How Will Voluntary Homeschooling be Affected with New Proposed Law?
Under a new proposed law, parents could face scrutiny from Children and Family Services if they voluntarily decide to homeschool their children.
Prior to concerns regarding the COVID-19 pandemic, plenty of people opted for homeschooling in Georgia. Homeschooling gives parents greater control over their child’s education while protecting children against bullying and other dangers they face in classrooms. However, there are some unfortunate cases in which homeschooled children face greater risks at home, particularly if there is an abusive parent in the picture. Our Atlanta family law attorneys explain newly proposed changes in state laws and how it could end up jeopardizing the rights of homeschooling parents.
Georgia Law Seeks to Protect Children
In 2019, Georgia passed a law that made it tougher for parents to pull their children out of schools. Under Title 20 of the Georgia Education Code, parents of elementary and secondary students are required to provide a declaration of intent regarding their plans in the event they decide to homeschool. In addition to ensuring children receive an appropriate and well-rounded education, one of the primary purposes is to protect against child abuse. Several tragic cases had occurred in different counties across Georgia in which children were pulled out of their schools by parents, only to be found dead several months later.
Child welfare advocates say that teachers, school counselors, and other personnel provide important oversight in cases of child abuse. They are likely to notice bruises, broken bones, or other signs of abuse and can take action, such as notifying law enforcement officials. They can also refer families to social service agencies who may be able to help. Unfortunately, when children get pulled out of school, it can allow abusive parents to escape detection.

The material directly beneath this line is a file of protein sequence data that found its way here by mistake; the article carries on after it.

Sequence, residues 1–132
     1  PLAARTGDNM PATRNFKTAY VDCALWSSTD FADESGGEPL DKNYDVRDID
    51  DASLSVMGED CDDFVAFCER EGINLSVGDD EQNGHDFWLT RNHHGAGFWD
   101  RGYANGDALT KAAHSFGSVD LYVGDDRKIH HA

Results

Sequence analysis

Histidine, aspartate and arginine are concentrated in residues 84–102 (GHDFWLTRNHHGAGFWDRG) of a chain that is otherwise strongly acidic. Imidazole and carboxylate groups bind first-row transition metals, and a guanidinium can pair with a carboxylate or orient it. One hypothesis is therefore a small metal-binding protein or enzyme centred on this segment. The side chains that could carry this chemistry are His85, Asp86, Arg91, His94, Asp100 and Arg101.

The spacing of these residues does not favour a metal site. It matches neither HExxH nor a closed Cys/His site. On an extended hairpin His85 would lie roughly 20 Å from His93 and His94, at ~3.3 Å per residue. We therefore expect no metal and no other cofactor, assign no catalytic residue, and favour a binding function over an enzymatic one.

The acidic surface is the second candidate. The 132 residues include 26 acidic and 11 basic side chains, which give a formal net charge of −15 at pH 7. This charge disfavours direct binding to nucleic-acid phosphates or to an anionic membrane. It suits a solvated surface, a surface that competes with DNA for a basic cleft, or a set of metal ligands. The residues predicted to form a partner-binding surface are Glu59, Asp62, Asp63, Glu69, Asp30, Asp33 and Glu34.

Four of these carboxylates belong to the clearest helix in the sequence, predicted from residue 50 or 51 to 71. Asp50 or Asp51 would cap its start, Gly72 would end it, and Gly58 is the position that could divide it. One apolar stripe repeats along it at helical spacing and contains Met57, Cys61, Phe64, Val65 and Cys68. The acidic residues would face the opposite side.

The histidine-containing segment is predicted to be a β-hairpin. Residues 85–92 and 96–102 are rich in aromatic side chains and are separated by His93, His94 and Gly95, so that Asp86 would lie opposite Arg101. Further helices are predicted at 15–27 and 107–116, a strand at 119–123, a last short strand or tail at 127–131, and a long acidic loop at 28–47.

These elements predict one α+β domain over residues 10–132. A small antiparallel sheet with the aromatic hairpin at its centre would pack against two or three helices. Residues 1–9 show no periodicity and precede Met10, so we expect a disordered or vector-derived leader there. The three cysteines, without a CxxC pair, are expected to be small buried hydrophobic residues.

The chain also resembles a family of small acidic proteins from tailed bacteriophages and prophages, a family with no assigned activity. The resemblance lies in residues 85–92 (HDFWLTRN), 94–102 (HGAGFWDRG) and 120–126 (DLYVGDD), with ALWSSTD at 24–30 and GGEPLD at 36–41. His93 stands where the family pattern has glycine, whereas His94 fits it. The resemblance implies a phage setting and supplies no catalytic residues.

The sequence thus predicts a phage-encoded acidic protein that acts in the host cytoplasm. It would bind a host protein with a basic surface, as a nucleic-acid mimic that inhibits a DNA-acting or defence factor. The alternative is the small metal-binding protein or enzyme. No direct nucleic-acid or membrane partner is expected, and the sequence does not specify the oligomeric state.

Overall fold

How Proposed Changes in the Law Affect Homeschoolers
HB 530 proposes changes to the existing law that are geared to providing greater protection for children. Unfortunately, these changes could end up causing legal problems for innocent parents who choose to homeschool.
The newly proposed law shortens the amount of time parents have to provide a declaration of intent regarding home study plans to Department of Education officials from 45 days to 30 days. If homeschooling parents fail to submit a declaration within this, their case will be referred to the Division of Family and Children Services (DFCS). The parents will then be subject to home visits and family assessments. Problems associated with this include:
- Home visits are time-consuming and an invasion of privacy;
- They can frighten children while doing damage to your family’s reputation in the community;
- Investigators may see false signs of abuse in perfectly safe and healthy homes;
- Appearances at court hearings may be required, which can traumatize children while putting the rights of parents in jeopardy.
Contact Our Gwinnett County Family Law Attorneys
At Zimmerman & Associates, we can help ensure you are in compliance with homeschooling laws while protecting your rights in matters involving DFCS. Call or contact our Norcross family law attorneys online to request a consultation today.